I took a deep breath seeing the dreaded combination of SBF and EA on the front page of the BBC and...
I breathed a sigh of relief seeing that the article appears pretty fair leaning perhaps slightly towards the negative with many positive things to say as well. There's also little if any poorly informed negativity. Yes there is the common narrative comes through of EA originally being about helping people now (framed positively), with a later shift towards long termism framed negatively, but that's probably to be expected and is understandable.
A huge thanks to Brian Berkey, for providing much of the content for the article. He framed things so well as to be heavily quoted. Great to see some openly EA people high up in academia, who can be accessed when need be for articles like this!
Some Positive Comments
"Effective altruism is a philosophy that aims to do as much good as possible," explains Brian Berkey, associate professor of legal studies and business ethics at The Wharton School of the University of Pennsylvania, US. "It's how to help ensure people's time and resources are spent well in making the world a better place. Through empirical evidence, individuals can make more informed decisions over which charitable causes to support."
"An early focus of EA, says Berkey, was the movement's collaboration with the Anti Malaria Foundation to donate money towards mosquito bed nets: a cheap solution to one of Sub-Saharan Africa's biggest killers. The program generated maximum gains for minimal costs. "Many resources put to charitable use are often done so inefficiently," he says. "Directing funds towards an unheralded charity that does 10,000-times as much good as a popular organisation that receives millions of dollars every year means achieving massive differences through the same resources."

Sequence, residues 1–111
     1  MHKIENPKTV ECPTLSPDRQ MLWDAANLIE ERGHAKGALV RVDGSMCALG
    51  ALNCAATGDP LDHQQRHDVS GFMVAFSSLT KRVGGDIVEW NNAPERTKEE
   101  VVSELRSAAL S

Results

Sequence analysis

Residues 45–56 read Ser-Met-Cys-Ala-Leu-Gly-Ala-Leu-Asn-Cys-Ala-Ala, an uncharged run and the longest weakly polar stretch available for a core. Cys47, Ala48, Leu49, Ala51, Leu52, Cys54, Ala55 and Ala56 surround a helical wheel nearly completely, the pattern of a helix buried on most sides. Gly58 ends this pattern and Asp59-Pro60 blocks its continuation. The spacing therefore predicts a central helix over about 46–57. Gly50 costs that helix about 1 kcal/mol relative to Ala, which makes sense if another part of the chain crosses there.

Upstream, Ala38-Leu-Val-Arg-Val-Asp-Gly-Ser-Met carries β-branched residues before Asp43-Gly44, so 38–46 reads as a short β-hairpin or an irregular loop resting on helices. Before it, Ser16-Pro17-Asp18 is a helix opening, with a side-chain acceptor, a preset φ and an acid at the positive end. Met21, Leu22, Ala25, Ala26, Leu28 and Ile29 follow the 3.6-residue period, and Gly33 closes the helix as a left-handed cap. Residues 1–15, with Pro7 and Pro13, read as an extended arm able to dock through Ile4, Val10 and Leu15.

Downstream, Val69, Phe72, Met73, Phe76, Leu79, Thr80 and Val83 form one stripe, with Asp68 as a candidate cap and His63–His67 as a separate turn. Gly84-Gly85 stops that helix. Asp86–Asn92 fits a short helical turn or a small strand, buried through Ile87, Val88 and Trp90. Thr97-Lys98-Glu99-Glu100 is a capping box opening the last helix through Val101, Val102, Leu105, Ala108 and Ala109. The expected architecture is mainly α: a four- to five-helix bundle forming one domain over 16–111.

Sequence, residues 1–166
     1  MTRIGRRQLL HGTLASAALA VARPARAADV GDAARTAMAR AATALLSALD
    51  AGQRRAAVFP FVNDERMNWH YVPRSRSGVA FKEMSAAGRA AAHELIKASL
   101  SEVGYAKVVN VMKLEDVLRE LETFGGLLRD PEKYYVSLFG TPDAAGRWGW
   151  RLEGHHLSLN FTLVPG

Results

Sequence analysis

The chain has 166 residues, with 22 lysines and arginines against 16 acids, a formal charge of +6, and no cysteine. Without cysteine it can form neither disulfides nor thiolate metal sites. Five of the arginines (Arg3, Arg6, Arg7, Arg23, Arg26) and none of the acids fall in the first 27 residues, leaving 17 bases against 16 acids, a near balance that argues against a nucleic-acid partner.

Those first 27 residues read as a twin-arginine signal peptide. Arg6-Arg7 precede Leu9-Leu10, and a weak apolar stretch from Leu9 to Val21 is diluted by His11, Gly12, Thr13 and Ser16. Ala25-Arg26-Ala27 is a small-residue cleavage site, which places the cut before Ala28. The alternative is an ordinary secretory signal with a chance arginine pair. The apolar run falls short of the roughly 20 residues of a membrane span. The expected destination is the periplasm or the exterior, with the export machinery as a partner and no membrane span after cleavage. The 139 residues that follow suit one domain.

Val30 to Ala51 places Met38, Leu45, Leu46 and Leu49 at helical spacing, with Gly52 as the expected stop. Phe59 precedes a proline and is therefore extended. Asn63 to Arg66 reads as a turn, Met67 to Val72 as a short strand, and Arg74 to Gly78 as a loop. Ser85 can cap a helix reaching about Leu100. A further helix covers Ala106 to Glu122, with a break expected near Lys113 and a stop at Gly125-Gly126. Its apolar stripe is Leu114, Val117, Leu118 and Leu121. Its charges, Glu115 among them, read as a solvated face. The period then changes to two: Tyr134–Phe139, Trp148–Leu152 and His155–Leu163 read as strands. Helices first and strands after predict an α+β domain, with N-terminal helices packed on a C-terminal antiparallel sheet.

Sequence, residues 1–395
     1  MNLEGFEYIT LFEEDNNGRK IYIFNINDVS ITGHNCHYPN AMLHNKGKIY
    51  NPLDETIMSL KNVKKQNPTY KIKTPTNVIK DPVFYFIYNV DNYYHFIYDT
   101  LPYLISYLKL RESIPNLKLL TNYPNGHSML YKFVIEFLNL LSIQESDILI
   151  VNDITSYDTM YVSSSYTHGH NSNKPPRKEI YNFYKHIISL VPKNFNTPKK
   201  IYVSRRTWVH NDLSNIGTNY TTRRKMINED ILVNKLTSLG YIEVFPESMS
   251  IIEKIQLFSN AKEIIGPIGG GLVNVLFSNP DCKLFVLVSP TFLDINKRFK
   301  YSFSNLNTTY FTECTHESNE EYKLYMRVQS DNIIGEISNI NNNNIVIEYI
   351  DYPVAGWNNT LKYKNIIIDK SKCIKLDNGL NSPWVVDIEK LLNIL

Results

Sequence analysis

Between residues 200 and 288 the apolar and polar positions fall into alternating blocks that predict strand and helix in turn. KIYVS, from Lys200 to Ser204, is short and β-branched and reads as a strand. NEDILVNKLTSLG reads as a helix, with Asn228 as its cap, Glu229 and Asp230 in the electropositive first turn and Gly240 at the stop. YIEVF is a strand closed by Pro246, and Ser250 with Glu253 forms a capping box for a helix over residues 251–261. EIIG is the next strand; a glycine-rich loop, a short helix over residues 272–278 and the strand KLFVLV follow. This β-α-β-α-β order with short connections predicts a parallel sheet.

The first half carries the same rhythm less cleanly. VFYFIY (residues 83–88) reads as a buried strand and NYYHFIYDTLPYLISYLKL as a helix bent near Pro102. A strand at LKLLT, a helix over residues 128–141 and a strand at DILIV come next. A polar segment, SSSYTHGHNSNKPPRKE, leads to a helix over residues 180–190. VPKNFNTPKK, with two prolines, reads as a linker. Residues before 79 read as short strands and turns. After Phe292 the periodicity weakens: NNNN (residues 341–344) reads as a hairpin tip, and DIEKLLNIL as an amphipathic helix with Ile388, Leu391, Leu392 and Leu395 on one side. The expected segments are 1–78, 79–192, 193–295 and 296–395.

"Despite criticism, effective altruism has had real results in some cases. By March 2022, Giving What We Can had raised more than $2.5bn in pledges, with $8.6m donated to the UK-based Against Malaria Foundation – enough to save approximately 2,000 lives, most of which are children under the age of five. Funds amounting to $3.7m have gone to Schistosomiasis Control Initiative and Deworm the World, enough to remove parasitic worms from 3.7m children."
"When thinking of how to make the world a better place, many people may choose to work for a charity or in political activism," says Joshua Hobbs, lecturer and consultant in applied ethics at the University of Leeds, UK. "However, many effective altruists believe that rather than slog away in a soup kitchen, you can create a greater impact by working in say, investment banking, earn higher wages and donate greater sums to charity." - Although I would disagree that slogging away in a soup kitchen and working in investment banking are mutually exclusive ;)